Previous columns have contrasted the difference between the monoliths that control Australia’s wine industry, and the dwindling group of family-owned estates that continue to produce unique wine.
One of the latter is Mt Moriac Wines in the foothills of the Moorabool Valley in the Geelong region of south-eastern Victoria.
Australia’s first vineyards were planted in Geelong and the region was known for premium wine during the gold rush era from the mid 1850s. But the phylloxera epidemic devastated the region in the mid 1870s and all vines were removed to try to stop the pest.
Vineyards were not replanted, mainly for economic reasons. More money could be made from other agricultural pursuits. Winemaking did not really resume for almost another century when the Anakie and Idyll vineyards pioneered winemaking in the late 1960s.
Over the past quarter century Geelong has become acknowledged as one of Australia’s finest cool climate regions for chardonnay and pinot noir. Geelong wines actually fall into three distinct regions: one on the Bellarine peninsula surrounded by ocean, with the other two 10 to 20km inland with much warmer and drier locations.
The Bellarine peninsula benefits from a cooling maritime influence in summer and autumn. Wines made away from the water tend to be sturdier and richer than the lighter and more aromatic wines produced on the peninsula. Chardonnay is the region’s most planted variety.
Mt Moriac Wines has three levels of wine, based on where grapes are sourced. Mt Moriac Estate wines use only grapes from the 43-acre estate. Winemaker Lee Evans said only hand-selected fruit from low yielding vines were chosen for these wines. The estate’s prized pinot noir vines are about 20 years of age and just reaching maturity. One of the best blocks is named after the daughter of owner David Lindros, Penelope.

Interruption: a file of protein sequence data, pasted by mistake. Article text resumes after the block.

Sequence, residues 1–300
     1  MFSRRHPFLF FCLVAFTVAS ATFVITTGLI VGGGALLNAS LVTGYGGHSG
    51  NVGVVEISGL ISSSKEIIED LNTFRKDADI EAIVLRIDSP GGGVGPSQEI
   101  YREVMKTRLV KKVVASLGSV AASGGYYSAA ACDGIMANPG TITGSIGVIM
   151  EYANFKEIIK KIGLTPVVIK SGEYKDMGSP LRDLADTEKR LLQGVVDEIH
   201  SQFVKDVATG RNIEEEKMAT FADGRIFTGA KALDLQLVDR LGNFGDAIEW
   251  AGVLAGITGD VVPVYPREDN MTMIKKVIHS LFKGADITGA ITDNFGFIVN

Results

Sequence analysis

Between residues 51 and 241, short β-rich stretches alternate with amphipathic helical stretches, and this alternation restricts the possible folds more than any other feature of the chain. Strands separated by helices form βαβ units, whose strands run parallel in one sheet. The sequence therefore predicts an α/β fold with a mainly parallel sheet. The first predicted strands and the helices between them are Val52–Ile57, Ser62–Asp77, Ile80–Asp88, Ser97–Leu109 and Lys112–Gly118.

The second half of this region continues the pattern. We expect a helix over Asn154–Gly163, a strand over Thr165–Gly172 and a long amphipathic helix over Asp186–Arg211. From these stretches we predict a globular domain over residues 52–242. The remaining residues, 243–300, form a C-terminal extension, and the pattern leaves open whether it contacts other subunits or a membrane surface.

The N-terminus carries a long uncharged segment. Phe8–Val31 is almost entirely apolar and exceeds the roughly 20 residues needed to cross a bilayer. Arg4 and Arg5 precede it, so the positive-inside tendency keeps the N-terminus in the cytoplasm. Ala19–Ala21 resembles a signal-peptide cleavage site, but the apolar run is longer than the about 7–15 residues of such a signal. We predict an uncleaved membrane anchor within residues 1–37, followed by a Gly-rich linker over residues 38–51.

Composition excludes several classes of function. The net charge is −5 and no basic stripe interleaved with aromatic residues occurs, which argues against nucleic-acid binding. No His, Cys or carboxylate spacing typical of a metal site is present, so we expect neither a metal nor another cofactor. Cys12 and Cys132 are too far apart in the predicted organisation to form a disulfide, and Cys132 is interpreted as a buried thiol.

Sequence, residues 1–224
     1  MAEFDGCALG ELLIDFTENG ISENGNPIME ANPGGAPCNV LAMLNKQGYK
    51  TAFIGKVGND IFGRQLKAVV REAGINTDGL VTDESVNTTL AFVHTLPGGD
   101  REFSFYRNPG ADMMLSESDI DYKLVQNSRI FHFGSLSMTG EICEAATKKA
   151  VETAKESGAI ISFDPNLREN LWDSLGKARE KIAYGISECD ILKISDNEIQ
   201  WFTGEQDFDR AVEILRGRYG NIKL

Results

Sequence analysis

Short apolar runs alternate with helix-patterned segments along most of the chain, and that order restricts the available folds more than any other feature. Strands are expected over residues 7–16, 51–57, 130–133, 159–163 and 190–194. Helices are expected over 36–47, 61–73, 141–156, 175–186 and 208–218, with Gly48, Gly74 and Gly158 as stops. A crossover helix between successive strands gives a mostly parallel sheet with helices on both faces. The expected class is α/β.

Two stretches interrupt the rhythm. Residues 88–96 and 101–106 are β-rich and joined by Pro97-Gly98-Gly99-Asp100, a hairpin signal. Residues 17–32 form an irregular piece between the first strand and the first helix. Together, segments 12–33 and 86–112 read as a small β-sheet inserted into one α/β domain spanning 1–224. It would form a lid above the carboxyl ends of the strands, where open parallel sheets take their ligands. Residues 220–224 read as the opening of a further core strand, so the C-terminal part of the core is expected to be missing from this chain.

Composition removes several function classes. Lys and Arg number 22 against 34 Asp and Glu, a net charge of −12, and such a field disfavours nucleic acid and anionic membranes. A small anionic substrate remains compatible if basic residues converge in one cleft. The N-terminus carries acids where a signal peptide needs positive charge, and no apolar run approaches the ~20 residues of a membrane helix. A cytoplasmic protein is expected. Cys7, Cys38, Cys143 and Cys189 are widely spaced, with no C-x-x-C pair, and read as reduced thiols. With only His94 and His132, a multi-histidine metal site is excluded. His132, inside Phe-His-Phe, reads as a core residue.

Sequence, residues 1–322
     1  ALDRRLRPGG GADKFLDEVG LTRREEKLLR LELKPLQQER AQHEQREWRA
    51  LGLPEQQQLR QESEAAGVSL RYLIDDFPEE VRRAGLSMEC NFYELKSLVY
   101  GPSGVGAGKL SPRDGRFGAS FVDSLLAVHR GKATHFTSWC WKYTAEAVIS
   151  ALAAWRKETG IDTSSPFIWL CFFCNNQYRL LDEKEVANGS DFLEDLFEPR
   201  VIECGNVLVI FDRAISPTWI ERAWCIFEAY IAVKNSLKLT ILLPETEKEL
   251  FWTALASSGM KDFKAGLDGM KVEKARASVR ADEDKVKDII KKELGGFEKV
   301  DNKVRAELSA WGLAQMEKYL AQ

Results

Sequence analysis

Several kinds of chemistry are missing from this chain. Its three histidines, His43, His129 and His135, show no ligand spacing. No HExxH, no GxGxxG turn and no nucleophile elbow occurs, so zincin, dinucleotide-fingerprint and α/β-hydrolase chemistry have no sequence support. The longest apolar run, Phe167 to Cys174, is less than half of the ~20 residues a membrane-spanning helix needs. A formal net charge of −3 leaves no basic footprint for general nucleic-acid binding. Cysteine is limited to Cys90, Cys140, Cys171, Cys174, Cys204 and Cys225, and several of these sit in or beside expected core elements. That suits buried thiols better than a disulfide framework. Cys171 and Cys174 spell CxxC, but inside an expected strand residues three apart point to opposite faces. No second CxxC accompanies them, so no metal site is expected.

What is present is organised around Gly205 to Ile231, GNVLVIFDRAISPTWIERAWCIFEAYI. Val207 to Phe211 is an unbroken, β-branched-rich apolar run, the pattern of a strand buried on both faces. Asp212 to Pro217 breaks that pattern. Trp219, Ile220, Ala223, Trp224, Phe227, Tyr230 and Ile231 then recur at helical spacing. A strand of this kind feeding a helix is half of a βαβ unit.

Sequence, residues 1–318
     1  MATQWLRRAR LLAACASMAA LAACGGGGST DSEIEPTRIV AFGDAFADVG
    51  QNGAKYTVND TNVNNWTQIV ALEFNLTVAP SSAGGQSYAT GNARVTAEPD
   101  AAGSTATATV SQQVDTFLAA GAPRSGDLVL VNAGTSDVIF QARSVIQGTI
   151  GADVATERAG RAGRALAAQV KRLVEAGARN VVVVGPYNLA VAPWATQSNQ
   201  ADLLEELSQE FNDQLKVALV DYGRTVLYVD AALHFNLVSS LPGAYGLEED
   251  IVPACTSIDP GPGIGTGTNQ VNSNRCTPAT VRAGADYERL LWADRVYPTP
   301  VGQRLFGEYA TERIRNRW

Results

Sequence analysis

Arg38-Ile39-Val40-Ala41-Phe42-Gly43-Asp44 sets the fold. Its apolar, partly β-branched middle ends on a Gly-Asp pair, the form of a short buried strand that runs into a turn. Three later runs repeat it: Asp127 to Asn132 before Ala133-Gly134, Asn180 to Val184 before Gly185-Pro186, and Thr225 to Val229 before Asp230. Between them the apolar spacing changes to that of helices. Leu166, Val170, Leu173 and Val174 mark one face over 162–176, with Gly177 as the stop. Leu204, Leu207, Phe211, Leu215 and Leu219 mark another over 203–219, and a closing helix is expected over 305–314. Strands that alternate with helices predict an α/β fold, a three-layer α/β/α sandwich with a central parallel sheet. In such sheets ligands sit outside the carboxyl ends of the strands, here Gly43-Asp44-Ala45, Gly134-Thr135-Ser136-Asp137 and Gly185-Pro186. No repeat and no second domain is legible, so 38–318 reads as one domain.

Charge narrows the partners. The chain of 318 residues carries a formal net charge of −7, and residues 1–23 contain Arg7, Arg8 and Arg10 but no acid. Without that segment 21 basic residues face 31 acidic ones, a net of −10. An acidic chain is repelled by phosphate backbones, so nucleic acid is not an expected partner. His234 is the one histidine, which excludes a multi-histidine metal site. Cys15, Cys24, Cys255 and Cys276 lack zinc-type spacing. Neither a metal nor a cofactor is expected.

The Mt Moriac range uses some estate fruit with the rest sourced from the Geelong region. Grapes for the every-day drinking Shed range can come from a range of locations.
Mt Moriac focuses on chardonnay, pinot noir and shiraz because these grow superbly in the Geelong region, though small portions of pinot gris, sauvignon blanc and pinot meunier are also grown.
The most fascinating wines are the Mt Moriac Estate sparklings, made from the traditional champagne grapes of chardonnay, pinot noir and pinot meunier. Current wines are from the 2006 vintage. These have been produced using the “methode traditionelle” — the approach adopted by the great estates in France’s Champagne region.
The 2006 blanc de noirs was the most impressive of the three sparklings I tasted, though all were excellent wines. This beautifully balanced wine is made entirely from estate-grown pinot noir. It offers delicate aromas of white peach and strawberries, with a touch of lime, combined with clean and inviting texture and crisp acidity. Grapes came from Penelope’s Block.
All sparklings spent 50 months on lees. These give lovely aromas of brioche and warm bread. The blanc de noirs is quite dry but is the kind of wine that could be consumed at all stages of a meal.
The 2006 blanc de blancs is made only from chardonnay. It received relatively low dosage of 8 grams of sugar per litre, which explains the exciting acidity. Despite the acidity it still has a creamy and nutty texture. The mousse – the explosion of bubbles in the mouth when one tastes the wine – is passionate and incisive. The wine offers aromas of lime and stone fruit. Another lovely wine.
The final sparkler was the 2006 cuvee riche, made entirely from pinot noir. As the name suggests, it is rich, silky and compelling. Indeed, it is more luscious than many pinot-based sparklings, offering flavours of raspberries and spice with a creamy mousse.
The finish on all the sparkling wines is long and refreshing. All could be drunk throughout a meal, though the blanc de blanc is best suited as an aperitif and the cuvee riche for dessert.
These are definitely wine to be sought out. At about $A 35 a bottle they are bargains because they offer superb quality for the price.
Winemaker Lee Evans said the Mt Moriac range was designed to be satisfying to the palate at a price that would please the average wine drinker. These wines retail in Australia for about $A 30.
In 2009 the business bought the Waurn Ponds Estate label after the local university killed its winemaking program under that label. Mt Moriac purchased all current wine from Deakin University and also leased the Waurn Ponds vineyard from the university. The two brands continue with a common headquarters and ownership.
Next week’s column will discuss the pinot noir wines from the Geelong region.